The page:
G-flex on G-flex Question

Any need to wash down the g-flex like you have to wash between coats of other West System epoxies?

I just want to fill in a little more along a v-groove I carved on top of a crack in the vinyl gunwale. I laid g-flex in the groove and it slumped before it set. I suppose I need to rough it up, but I don’t want to. Just a little fill.


I don’t think so
I have applied multiple thin coats of G-Flex on top of each other, as when filling in a void and fairing a damaged hull, many times with no surface preparation and had no problem.

If it has been several days I might wipe the surface with some isopropyl or denatured alcohol first to remove any surface dirt.

Yes, wash needed

When patching up my Cascade, I had to apply several layers of G-Flex. I called West System for advice and theirs was if the base layer of G-Flex has cured you need to wash it - pretty sure a water wash was all that was needed.

They were very helpful - they even have a person knowledgeable about paddle craft repairs.


I’d think it gives off amine blush …

– Last Updated: Mar-29-12 10:01 AM EST –

..... like other expoxies , so wash it and give it a little mech. surface bond w/sand paper , can't hurt to be safe .

I haven't tried the G-Flex yet but it's a 1-1 isn't it ?? Every 1-1 I've used does give off amine so far , and you know unattended to amine causes delam .

West 207 cat. gives off no amine , but I still wash and prep. it before each additional coat , know what I mean ?? ...

It does mix one-to-one. Most of the time I have applied multiple coats with no surface prep the epoxy was not fully cured and there was no problem.

The other times I had usually wet sanded the surface and then rinsed and dried it, so it was washed by default.

Sanded, washed, wiped
Right. Why take chances?

I sanded, washed with soap and water, wiped with alcohol, and filled the low spots with gflex. I mixed the smallest drops I could squeeze from the gflex bottles and tooth-pick ladelled onto the low spots on the gunwale-crack repair. After overnight repair, I just looked at the result, and I am pleased.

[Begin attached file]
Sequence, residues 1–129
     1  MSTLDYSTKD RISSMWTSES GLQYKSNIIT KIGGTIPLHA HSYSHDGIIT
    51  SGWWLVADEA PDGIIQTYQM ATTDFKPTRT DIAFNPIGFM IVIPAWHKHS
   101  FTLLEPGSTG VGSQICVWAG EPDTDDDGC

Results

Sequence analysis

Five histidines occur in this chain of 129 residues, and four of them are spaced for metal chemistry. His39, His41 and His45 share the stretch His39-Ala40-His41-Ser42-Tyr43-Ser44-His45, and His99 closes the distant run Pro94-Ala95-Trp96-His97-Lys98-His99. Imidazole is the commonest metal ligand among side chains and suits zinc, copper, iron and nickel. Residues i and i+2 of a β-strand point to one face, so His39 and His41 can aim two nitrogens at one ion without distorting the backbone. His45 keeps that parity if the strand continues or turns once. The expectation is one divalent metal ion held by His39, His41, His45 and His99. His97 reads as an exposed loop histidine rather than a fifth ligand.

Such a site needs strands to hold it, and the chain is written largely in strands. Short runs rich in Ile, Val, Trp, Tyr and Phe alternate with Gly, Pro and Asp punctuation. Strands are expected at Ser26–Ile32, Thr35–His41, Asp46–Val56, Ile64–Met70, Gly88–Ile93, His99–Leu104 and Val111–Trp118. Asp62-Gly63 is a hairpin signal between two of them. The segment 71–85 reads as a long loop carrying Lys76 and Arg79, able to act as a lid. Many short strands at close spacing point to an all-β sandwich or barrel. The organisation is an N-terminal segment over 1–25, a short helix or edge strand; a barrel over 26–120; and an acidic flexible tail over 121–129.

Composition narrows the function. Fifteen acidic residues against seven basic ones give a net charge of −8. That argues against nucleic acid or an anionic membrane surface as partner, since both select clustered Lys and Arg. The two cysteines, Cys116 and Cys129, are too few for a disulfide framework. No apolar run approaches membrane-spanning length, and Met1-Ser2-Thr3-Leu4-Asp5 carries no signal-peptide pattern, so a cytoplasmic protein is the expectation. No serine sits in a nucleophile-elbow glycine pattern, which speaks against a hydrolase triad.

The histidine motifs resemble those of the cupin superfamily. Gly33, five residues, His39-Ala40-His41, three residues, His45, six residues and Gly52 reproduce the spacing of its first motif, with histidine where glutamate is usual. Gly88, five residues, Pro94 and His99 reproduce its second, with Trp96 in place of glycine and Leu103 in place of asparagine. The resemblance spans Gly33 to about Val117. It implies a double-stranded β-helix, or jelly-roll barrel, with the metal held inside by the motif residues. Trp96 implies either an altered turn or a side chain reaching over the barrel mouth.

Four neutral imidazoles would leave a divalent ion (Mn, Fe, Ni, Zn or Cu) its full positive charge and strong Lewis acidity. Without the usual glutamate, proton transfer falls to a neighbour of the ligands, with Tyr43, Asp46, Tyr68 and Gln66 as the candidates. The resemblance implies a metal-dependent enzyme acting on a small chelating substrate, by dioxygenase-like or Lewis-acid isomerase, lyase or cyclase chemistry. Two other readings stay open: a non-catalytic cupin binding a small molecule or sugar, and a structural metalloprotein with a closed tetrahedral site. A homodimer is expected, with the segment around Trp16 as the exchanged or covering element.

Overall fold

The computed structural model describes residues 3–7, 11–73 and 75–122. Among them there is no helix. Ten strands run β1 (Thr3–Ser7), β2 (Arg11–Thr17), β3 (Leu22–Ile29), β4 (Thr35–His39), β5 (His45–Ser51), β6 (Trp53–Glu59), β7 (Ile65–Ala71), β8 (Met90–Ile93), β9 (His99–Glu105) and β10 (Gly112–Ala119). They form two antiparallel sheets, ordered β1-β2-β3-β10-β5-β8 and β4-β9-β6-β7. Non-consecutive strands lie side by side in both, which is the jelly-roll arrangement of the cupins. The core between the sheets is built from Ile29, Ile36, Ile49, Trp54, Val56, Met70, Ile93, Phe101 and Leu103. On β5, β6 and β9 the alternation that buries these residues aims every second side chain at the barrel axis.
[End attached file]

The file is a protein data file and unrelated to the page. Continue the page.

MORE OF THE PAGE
Now, the question is, assuming the repair holds, is the repair going to be stronger than the rest of the 36-year old vinyl gunwales. None of the four cracks I patched were all the way across the gunwale. three of them had not even spread to the top side of the gunwale and I only discovered them when I brought the boat into the shop. So, I am hopeful.

Thanks for the advice.


I have patched about 6 gunwales
with G Flex. For the typical black plastic or vinyl gunwales mixing graphite powder in the epoxy results in a more cosmetic repair.

Some are now about a year out. They seem to be holding up fine.

Most recently, I cracked a piece of the outer plastic gunwale off of my Viper 11 when I flipped it over and the side hit a tree. I fit a little piece of minicel foam into the open part of the gunwale to serve as backing for the epoxy and put a layer of epoxy on before fitting the plastic piece back in, then later put another thin layer of G Flex/graphite powder over the top of the repair. I suspect this portion of the gunwale is stronger than the rest.

I have done something similar when repairing plastic gunwales in which thwart and seat screws were overtightened and broke through the gunwale top. I later drilled holes through the repaired area and remounted the machine screws at the same location and this has held up well.